If you know what commands must be used, or what commands must not be used, you could allow or block them. If your application needs to execute only one command, then you could use a logic that checks if the command being sent to the command line for execution is that one command you intend to execute. Let’s say you only need to execute the command ls /home/Documents_. Y_ou don’t need to execute any other command. Then you can use a logic similar to the following:

if (command == "ls /home/Documents") {
Process process = Runtime.getRuntime().exec(command);
}

Allow-listing and deny-listing are very useful because they make most of the crafted injections useless. But to implement these, you need to have a complete idea of all the scenarios. If you don’t, it could affect the application’s functioning.

Manual security testing has its perks, but automated security testing makes things really easy.

Find and Fix Application Security Vulnerabilities with Automated Testing

Security Testing

Nobody is completely secure. Even after spending a lot of time and effort, we can’t be 100% secure. And to know where you could get better, you need security testing. Security testing is a continuous process in application security. You can find new vulnerabilities, new attacks, and new tools almost every day. And you need to keep up with malicious actors.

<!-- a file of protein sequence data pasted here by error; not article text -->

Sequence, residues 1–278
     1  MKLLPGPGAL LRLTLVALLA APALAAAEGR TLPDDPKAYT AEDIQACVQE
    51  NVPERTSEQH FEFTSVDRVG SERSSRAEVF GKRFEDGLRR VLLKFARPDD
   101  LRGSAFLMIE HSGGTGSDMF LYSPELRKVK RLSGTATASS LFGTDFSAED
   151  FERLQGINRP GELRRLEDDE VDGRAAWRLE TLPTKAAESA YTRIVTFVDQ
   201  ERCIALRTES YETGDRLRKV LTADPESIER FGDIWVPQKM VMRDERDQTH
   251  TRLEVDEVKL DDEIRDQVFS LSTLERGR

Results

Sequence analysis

Manual security testing has its perks, but automated security testing makes things really easy. If you’re looking for such a product, try StackHawk. StackHawk offers automated application security testing on every pull request. It continuously finds API and application vulnerabilities and makes security analysis easy. 

This post was written by Omkar Hiremath. Omkar is a cybersecurity analyst who is enthusiastic about cybersecurity, ethical hacking, data science, and Python. He’s a part time bug bounty hunter and is keenly interested in vulnerability and malware analysis.


StackHawk  |  April 21, 2021